Thursday, March 29, 2007

Old Days

At dinner time today, I was telling J about how I never saw a computer or a television when I was her age. She giggled "That sounds like Abraham's Lincoln's time" and asked "Did you live in houses when you were young ?" I figured she must have learnt that early man lived in caves. I said "Yes, that I did". She sighed in obvious relief "Thank goodness".

In J's world view very little separates my childhood from that of Cro-Magnon man's. Maybe the advances in technology over the last few decades have been impressive and significant enough to close the gap between Paleolithic times and the pre-Internet era to a several thousand years instead of several million years.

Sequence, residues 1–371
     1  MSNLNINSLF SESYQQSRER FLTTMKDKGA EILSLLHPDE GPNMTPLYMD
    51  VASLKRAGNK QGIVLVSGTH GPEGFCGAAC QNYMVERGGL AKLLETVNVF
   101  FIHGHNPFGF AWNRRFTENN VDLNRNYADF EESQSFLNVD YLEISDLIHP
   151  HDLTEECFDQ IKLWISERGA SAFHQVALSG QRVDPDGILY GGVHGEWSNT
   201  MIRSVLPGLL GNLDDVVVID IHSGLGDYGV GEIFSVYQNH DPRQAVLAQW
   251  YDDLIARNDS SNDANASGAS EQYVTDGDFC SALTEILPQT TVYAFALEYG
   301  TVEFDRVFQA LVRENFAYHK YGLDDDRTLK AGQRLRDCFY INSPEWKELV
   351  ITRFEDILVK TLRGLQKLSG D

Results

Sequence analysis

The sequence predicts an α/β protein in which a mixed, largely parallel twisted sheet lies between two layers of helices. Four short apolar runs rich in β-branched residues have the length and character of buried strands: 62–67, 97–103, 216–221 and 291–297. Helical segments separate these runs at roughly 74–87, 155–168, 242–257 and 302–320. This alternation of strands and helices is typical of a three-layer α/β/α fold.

Reading this essay about fountain pens made me nostalgic for those days from so long ago that it seems like prehistory to my child. I could not agree more with the author when he says:

In times of Biros and BlackBerrys, it may well be tempting to dismiss the fountain pen as anachronistic. But it is precisely in reaction to the prevalence of the high-tech in people’s lives that “nostalgic” products are now so popular.

“The fountain pen is about deceleration – it helps you to think deeper and move more slowly,” says Heinrichsdorff. “And we all need that sometimes. Goethe described ink as ‘liquid thoughts’. And I think he was right.”

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